Chautauqua, N.Y. — ``Name as many Soviet cities as you can,'' asked Yuri Pilipenko of the Soviet Youth League's Central Committee. Betsy Bechtolt cringed. ``Uh, let's see.... Moscow, Leningrad, ... St. Petersburg,'' the American college student replied sheepishly.
Mr. Pilipenko had illustrated his point: Young Americans know little about the Soviet Union (St. Petersburg is a former name for Leningrad).
This was hardly a revelation to the Americans and Soviets gathered in the living room of Dick and Nancy Bechtolt. More unusual was the fact that the discussion was taking place at all - and that dozens of others like it were going on in living rooms all around this historic summer retreat in western New York. The occasion was last week's Third General Chautauqua Conference on US-Soviet Relations, which brought one of the largest groups of Soviets ever to the United States - a 50-person official delegation plus 200 other citizens (who had the rare opportunity to stay in private homes).
It was a lively week of speeches, debate, and music. American officials and citizens made impassioned statements on human rights and Afghanistan. Soviets countered by castigating the US for allowing unemployment and for its role in Nicaragua. US official Fritz Ermarth was booed for defending US policy in Nicaragua. Col. Gen. Nikolai Chervov got a similar reception on Afghanistan.
The sparring frustrated the Soviets, who had clearly intended to take the high road. ``The purpose of this conference is to promote our common interest - peace - not fight about our differences,'' said Viktor Malkov, a historian and official Soviet delegate.
But participants agreed that the conference was especially valuable for its informal contacts. Behind the scenes, Americans and Soviets huddled on issues such as trade, cultural exchanges, and human rights. For example, the US group Earthwatch, which organizes expeditions all over the world, reportedly made progress toward setting up a program in the USSR. Another discussion brought promise of an amnesty of political prisoners to mark the 70th anniversary of the Russian revolution on Nov. 7.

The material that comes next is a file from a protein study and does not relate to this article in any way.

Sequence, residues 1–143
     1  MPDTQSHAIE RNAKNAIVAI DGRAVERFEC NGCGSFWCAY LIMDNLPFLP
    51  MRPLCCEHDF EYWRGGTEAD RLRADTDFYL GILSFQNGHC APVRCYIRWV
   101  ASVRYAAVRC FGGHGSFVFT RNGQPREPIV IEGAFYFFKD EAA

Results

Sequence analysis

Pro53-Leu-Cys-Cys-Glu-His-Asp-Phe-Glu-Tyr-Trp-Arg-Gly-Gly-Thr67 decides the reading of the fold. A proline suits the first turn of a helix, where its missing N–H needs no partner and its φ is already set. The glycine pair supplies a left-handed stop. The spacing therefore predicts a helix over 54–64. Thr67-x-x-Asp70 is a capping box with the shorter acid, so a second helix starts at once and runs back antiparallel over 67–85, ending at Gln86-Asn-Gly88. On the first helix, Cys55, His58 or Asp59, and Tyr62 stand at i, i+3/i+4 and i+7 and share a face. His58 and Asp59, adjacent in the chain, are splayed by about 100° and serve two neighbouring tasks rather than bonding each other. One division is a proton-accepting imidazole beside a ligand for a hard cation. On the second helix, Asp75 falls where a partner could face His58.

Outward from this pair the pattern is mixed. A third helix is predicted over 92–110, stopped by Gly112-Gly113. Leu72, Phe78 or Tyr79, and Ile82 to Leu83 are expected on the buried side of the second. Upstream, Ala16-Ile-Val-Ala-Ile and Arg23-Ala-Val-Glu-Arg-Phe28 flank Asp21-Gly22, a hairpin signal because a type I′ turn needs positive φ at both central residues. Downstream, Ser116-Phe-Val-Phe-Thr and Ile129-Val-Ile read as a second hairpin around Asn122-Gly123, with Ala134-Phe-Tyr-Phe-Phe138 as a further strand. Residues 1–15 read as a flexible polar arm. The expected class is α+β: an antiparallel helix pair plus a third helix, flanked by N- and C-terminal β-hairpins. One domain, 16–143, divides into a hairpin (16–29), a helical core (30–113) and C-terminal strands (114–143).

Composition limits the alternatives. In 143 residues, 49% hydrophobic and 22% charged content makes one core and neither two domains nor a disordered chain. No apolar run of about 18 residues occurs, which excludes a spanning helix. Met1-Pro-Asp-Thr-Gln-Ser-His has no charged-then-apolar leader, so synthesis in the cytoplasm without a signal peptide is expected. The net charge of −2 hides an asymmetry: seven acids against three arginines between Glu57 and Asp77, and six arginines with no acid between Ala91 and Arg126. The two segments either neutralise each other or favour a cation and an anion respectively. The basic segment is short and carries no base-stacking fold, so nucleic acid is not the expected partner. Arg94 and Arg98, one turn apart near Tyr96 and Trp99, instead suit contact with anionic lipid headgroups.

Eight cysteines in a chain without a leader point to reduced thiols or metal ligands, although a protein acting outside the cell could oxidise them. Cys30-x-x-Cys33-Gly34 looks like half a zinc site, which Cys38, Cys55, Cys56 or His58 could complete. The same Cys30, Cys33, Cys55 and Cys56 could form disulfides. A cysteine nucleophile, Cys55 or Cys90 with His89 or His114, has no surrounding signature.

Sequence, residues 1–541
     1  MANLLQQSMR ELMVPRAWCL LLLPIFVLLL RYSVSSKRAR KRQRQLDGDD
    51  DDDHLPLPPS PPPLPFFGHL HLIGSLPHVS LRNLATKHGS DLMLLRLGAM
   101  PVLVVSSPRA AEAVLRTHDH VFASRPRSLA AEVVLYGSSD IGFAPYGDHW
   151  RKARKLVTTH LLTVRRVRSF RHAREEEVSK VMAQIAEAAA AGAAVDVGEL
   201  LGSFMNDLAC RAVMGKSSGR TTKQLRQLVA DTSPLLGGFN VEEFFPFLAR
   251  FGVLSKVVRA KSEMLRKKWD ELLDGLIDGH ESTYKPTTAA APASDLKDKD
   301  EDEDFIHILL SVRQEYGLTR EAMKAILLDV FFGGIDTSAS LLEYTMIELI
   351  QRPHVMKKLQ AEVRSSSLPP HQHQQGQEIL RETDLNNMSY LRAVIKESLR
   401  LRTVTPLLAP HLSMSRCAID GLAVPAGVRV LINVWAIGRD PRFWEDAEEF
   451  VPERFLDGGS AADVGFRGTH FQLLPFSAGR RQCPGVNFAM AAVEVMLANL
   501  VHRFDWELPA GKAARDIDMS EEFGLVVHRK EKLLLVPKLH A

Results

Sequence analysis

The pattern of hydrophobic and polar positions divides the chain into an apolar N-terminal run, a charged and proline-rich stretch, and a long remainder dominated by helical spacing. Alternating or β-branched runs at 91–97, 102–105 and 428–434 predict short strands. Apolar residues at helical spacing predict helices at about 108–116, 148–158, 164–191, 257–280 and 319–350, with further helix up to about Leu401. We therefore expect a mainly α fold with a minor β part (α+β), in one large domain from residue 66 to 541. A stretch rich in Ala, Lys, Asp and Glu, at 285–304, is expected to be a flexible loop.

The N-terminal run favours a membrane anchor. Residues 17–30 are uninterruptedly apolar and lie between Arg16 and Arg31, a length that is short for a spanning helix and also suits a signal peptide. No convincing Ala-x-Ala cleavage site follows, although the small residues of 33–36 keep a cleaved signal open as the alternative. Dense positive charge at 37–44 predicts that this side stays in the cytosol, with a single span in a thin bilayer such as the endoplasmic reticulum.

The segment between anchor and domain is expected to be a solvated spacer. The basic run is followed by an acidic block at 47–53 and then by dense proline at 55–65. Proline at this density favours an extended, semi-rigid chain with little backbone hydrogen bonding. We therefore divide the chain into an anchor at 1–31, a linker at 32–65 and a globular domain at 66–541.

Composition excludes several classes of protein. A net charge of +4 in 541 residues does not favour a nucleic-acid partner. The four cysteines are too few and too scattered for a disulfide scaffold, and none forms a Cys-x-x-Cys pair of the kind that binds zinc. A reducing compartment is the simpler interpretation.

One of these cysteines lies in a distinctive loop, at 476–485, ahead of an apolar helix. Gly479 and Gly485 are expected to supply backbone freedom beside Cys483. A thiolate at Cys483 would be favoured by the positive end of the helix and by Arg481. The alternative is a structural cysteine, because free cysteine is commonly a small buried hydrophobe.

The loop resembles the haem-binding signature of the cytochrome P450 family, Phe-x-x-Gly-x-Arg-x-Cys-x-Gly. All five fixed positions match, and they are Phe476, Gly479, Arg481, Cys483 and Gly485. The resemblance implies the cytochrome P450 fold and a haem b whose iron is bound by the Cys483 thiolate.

Olin Robison, president of Middlebury College and a specialist on US-Soviet relations, came to Chautauqua with an agenda including college programs and religious prisoners.
``I've been able to see here in about four days more Soviet friends in comfortable circumstances than one can see in several weeks in Moscow,'' Dr. Robison said. ``Yesterday, three senior Soviet officials said to me, `Olin, we have some vodka; we must have some toasts and then we'll have lunch together.' That would simply never happen in Moscow, because of logistics. We had an excellent conversation and then a walk by the lake. Those are golden moments.''
One of the disappointments of the conference, said US organizers, was that Soviet citizens did not question publicly their own officials. Given that travel to the US is a great privilege for any Soviet, the hand-picked ``average citizens'' were sure to be on their best behavior.
Two conclusions emerged from the conference: the need for each side to learn how to deal with the other more constructively and the need to break down stereotypes. President Reagan's speech in California Wednesday on US-Soviet relations provided a high-profile example of the first need. Soviets here were insulted by the speech, which they said offered little more than the usual rhetoric.
``Now he refers to totalitarianism instead of the evil empire,'' said foreign-policy adviser Yevgeny Primakov.
Soviets also complained that Americans should stop trying to lecture them on democracy. Soviet 'emigr'es here suggested that the best lesson in democracy is simply to bring Soviets to the US. Many of the Soviets, visiting this country for the first time, chuckled over their preconceptions: that Americans are unfriendly to strangers; that their streets are violent; that their food tastes like chemicals.
``I've been struck by the great wealth,'' said Olga Belan, a reporter for Moscow's Communist Youth League newspaper. ``If you work hard, you are rewarded. Our system doesn't work that way. And the clothes! I'm going crazy in the stores!''
Americans and Soviets spoke of their mutual apprehensions. ``When I first greeted my Soviet guest as he stepped off the bus,'' said a Chautauquan, ``I thought to myself, thank goodness, he doesn't have horns after all.''